We at Musalaha are always looking for new opportunities to share our learning with new segments of society. In recent months, I have received new requests to share about Musalaha’s work of leading Israelis and Palestinians on the journey of reconciliation. One of these invitations was to teach in a unique training program involving Israeli school principals from Muslim, Christian and Jewish backgrounds, coordinated by the Shalom Hartman Institute.
This year, we used our Annual Women’s Conference to introduce as many new women as possible to the need for reconciliation. We proposed an idea to our experienced participants to bring a friend, acquaintance, and ideally someone younger than them, so that we could pass on our hope to the next generation.
These were confusing and fearful times, where people spoke about the social problems, the economic challenges, the rivalries between political powers, and were looking for a leader to solve their problems. At the same time, we read in the gospels another narrative, the narrative of the birth of our Lord that speaks about a different King who is the Son of God, and a different way of achieving peace that is not by the sword.
In October, a group of Israeli and Palestinian youth went on a journey to Mount Tabor and Nazareth. This is part of the Land where many biblical events took place. We were able to hold this encounter as there were overlapping holidays in the school calendar for both Israelis and Palestinians– something that is a constant challenge for Musalaha, as there are different calendars for the different schools, with different national and religious holidays. We were very happy to have the time to spend together as a group.
On September 28, Palestinian and Israeli women came together for a weekend to learn about historical narrative. We presented the Palestinian and Israeli narratives to a mixed group of women who have been meeting together for two years. The women have established their relationships, become close, and they were ready to hear difficult truths and perspectives different from their own.
Musalaha hosted the third of its three camps July 18-23, 2016 where more than 120 campers and staff came together for our annual Children’s Summer Camp at the Baptist Village in Petah Tikva, Israel. Below, one of our camp volunteers shares some impressions.
In the past we have shared about workshops we lead on Identity. Identity is complex, and in many situations, we find that others want to impose an identity on us. Yet, it is more important to know and discuss how we see ourselves. In many cases, what others call us is different from what we call ourselves. The way people discuss identity in conflict can be very combative, and we often find that people build their identities at the expense of others. As a result, identity tends to be the first casualty in conflict, something we and many others have observed in reconciliation activities.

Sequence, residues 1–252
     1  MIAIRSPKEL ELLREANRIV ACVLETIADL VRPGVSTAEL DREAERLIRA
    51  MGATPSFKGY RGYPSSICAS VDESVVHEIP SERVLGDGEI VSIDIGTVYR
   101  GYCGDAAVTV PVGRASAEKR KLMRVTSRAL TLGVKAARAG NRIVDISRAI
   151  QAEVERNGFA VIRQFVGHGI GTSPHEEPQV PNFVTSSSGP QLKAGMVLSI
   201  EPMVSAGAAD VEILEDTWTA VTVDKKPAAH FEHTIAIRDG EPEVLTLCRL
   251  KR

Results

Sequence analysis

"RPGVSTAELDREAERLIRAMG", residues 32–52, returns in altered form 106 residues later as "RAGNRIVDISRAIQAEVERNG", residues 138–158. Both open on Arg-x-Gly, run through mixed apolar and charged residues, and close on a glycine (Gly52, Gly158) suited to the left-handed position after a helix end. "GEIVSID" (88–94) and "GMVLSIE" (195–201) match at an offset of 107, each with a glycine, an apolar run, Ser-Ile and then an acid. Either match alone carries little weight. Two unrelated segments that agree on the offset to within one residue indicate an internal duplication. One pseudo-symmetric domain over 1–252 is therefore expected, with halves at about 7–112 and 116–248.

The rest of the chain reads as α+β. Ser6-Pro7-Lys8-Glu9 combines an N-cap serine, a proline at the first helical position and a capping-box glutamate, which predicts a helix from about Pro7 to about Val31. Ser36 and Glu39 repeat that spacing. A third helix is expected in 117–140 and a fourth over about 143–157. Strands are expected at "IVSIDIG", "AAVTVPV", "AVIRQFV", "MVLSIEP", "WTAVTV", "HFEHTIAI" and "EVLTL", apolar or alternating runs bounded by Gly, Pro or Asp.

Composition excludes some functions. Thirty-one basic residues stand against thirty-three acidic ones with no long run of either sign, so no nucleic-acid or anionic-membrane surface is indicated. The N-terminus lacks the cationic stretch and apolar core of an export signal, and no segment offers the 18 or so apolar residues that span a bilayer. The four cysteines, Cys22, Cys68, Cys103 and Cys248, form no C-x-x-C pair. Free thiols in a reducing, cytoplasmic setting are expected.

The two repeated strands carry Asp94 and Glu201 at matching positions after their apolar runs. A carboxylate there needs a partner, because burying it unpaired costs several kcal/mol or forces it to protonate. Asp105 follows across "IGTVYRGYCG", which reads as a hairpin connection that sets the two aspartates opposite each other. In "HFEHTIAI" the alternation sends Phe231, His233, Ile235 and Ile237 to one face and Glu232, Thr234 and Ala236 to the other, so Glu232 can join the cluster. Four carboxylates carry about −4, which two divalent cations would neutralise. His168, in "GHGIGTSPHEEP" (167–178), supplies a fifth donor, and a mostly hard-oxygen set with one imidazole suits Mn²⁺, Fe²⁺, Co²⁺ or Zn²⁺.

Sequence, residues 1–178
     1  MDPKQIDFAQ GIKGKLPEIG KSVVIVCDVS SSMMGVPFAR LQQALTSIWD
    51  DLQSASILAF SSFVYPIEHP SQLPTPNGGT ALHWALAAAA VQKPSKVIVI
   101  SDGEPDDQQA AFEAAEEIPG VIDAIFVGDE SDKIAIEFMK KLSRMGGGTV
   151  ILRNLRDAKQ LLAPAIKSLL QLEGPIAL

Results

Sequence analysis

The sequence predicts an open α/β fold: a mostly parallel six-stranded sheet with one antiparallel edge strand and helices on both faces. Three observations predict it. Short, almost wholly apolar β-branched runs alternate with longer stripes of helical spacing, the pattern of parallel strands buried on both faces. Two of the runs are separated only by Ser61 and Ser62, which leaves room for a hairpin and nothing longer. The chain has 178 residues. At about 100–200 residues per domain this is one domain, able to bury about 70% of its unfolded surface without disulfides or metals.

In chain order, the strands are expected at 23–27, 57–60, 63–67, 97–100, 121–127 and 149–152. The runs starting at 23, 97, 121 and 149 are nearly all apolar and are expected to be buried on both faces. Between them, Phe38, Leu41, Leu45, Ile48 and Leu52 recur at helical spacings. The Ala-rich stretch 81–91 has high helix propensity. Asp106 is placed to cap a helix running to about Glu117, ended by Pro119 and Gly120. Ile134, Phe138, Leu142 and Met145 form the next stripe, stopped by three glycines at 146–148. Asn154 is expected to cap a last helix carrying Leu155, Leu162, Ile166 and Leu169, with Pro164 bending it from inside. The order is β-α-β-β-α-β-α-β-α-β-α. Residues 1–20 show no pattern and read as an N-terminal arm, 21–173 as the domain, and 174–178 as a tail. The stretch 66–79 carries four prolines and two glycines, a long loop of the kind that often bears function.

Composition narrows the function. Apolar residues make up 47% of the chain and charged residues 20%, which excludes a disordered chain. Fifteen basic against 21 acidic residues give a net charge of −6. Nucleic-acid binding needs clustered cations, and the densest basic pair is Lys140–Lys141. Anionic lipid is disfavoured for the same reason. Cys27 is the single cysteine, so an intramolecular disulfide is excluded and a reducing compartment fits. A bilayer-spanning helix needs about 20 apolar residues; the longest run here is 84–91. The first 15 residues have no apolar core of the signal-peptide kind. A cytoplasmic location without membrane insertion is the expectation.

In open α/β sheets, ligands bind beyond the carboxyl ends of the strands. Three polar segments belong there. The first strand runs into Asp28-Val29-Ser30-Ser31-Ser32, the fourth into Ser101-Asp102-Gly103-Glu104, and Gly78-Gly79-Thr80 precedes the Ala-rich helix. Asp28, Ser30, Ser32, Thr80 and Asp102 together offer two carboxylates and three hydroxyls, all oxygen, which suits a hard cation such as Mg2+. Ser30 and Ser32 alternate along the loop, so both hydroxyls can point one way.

Negative images and occurrences of conflict are all around us in Israel and Palestine. Children learn to fear at a very early age, and it is often a reflection of the fear their older loved ones show, or what they see themselves. Adults here talk freely of the conflict, express their anger and frustration at the situation in front of their children, and in some cases, parents expose young children to the violent images and descriptions of current events on the radio, computer or television. Israeli children – even toddlers – who have lived through wars, know that the sound of a siren indicates that the family must quickly run to a sheltered room. Palestinian children learn to fear soldiers as they see siblings, cousins, parents or other loved ones humiliated, arrested, beaten, or as they smell tear gas seeping through their windows at night.
This weekend, June 17-18, was a highlight in my work in reconciliation. More often than not, recruiting for events is very challenging, and in our anything-can-change last-minute culture, it is difficult to get people to commit to a weekend-long meeting. Why would people take their precious weekends to stare into a mirror, and perhaps see things that need to change?
Forgiveness is central in Christianity and also in reconciliation. In the past, people from a non-Christian heritage had strong negative reactions to teachings on forgiveness as they felt others were imposing a Christian ideology on them. Many Christian and Jewish scholars discussed forgiveness as it is related to the Holocaust, and in Israeli Jewish society there emerged a saying, “Never forgive, never forget.” While forgiveness used to be a religious discussion outside of academia, it has now moved into academia as scholars are studying how forgiveness relates to the well-being of humans individually and in society.